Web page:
In & Around Cusco Simply walking around Cusco will be an adventure. The streets are lined with handicraft shops, and parades with twirling dancers in traditional dress are almost a daily occurrence. Walk about Plaza de Armas and admire the elaborate center fountain and surrounding buildings.
Sacsayhuaman is a massive Inca complex located on a hill overlooking the city. There are many rock formations (including slides!) and areas to explore. If visiting Sacsayhuaman with energetic children, you may want to plan ahead with your guide to have some free time at the site. This way the young ones aren’t restricted by a set tour schedule. Another fun family outing is a visit to Pisac in the Sacred Valley. If you visit on a market day you can spend hours wandering up and down rows of stalls looking for the perfect tapestry or patterned hat. The ruins above town will be appreciated by older children as well.
And of course, the biggest attraction near Cusco is Machu Picchu. We suggest that before after you visit Machu Picchu that you spend the night in Aguas Caliente or Ollantaytambo. Machu Picchu is a big day and the long train ride back to Cusco can turn tired kids into cranky kids.
In & Around the Amazon The most convenient place in the Peruvian Amazon to visit with kids is Tambopata, the jungle surrounding Puerto Maldonado. Here, there are several lodges tailored for family visits. Activities are tailored for various ages and skill levels, and educational support allows visitors to walk away with an increased understanding of the environment they just experienced. Short hikes and nature walks are popular with traveler of all ages, as the guides are skilled at pointing out intriguing plants and animals. Canopy walks and canoe rides are other favorite activities.
As a parent, safety rules the day. There are some things you will want to consider and plan for when taking your children to South America. For example, ceviche is the pinnacle of Peruvian cuisine. And while you’ll certainly want to try this South American raw seafood dish, the American Academy of Pediatrics recommends that children not consume raw or undercooked shellfish or fish.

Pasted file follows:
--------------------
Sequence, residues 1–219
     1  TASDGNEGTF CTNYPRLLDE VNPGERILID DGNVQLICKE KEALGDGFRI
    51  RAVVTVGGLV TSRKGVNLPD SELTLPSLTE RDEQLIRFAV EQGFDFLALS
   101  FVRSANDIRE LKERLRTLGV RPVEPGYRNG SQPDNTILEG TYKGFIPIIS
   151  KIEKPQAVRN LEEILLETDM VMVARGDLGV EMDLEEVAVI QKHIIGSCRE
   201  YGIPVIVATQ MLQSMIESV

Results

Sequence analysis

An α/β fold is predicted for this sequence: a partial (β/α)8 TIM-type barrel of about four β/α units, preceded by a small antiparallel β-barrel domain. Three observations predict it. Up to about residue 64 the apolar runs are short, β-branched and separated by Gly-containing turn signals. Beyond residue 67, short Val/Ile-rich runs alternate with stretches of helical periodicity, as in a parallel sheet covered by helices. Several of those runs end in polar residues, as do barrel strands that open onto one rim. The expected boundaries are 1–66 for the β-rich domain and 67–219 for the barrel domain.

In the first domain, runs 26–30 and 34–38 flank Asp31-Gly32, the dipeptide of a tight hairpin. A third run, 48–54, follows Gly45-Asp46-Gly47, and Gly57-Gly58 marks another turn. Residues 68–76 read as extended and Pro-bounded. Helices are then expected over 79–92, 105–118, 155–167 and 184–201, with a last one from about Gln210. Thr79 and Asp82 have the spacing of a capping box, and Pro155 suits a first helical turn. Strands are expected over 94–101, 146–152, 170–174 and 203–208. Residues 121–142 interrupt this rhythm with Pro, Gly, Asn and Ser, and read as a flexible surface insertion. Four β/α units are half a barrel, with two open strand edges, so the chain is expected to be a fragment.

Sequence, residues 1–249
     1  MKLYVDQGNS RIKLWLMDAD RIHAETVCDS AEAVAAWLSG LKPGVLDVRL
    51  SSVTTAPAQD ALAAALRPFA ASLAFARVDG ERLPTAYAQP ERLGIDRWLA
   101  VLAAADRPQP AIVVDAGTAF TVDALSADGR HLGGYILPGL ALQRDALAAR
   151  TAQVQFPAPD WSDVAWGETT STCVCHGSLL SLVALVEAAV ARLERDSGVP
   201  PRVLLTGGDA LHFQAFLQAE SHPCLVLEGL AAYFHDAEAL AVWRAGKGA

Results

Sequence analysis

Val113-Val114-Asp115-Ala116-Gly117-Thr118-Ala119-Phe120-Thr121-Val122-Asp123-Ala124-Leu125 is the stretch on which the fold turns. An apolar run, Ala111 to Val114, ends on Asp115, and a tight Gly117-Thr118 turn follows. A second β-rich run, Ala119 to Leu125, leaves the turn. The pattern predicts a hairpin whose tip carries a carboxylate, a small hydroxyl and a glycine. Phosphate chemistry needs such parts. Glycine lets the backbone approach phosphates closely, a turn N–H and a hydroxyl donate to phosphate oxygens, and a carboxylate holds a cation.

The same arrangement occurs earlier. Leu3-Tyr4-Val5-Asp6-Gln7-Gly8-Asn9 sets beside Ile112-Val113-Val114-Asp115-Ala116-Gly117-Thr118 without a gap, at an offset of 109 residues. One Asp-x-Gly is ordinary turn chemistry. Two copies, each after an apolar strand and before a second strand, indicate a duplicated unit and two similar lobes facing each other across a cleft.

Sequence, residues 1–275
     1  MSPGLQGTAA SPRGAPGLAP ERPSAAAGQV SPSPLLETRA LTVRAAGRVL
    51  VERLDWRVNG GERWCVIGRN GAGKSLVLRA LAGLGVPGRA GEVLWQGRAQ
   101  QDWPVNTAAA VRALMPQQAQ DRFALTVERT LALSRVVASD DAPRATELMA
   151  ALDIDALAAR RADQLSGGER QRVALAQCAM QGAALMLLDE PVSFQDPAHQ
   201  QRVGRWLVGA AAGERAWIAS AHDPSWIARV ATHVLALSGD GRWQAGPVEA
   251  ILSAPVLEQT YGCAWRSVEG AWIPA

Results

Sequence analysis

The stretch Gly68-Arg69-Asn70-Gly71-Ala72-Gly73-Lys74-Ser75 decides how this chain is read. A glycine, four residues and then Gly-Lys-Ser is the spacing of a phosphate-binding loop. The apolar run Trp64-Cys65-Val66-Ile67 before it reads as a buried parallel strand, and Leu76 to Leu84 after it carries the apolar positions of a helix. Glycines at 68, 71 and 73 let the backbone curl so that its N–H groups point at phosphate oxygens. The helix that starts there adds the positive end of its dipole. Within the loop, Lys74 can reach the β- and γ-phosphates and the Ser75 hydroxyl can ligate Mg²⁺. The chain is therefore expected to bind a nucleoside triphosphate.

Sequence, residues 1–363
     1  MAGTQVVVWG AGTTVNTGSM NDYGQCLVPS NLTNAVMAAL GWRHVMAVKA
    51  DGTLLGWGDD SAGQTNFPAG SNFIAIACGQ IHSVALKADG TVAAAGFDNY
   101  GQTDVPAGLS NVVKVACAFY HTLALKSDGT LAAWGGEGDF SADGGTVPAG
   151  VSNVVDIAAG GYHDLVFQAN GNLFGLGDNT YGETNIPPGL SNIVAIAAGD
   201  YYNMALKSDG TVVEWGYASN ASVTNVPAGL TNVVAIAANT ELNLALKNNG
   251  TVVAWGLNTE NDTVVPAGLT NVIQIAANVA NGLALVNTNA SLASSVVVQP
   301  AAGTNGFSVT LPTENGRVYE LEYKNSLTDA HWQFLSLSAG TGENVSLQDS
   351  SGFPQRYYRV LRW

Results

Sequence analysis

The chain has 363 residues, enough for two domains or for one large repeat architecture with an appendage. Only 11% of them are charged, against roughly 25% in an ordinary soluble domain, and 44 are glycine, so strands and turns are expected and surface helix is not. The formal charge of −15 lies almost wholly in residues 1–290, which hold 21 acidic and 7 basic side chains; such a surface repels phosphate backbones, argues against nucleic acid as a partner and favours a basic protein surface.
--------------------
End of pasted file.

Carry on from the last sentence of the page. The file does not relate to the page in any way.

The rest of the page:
There are not any vaccinations required for travel to Peru. However, in addition to standard medicines and vaccinations, you may want to consider a Yellow Fever shot for those in your family 9 months of age or older if you are traveling to Amazonian regions. You'll also want to pack plenty of bug spray, and lightweight pants and long-sleeved shirts to avoid bug bites.
When traveling to high altitudes, your children have the same chance of being adversely affected by altitude sickness as you do. You should try to slowly increase your elevation and when this isn’t possible, schedule extra time to rest and adjust in new high altitudes areas. It is recommended that infants under 3 months not be exposed to high elevations.
Many places in Peru, especially in the Andean region, feature paths and ruin sites with steep stairs and deep drop-offs. You will want to keep a close eye on your children and explain the risks and the correct way to behave in these areas. However, this does not mean you should avoid these attractions entirely. For example, although tackling a trek like the Inca Trail as an adult might sound difficult and with children impossible, more than one intrepid family has risen to the challenge. Need proof? Watch the video below.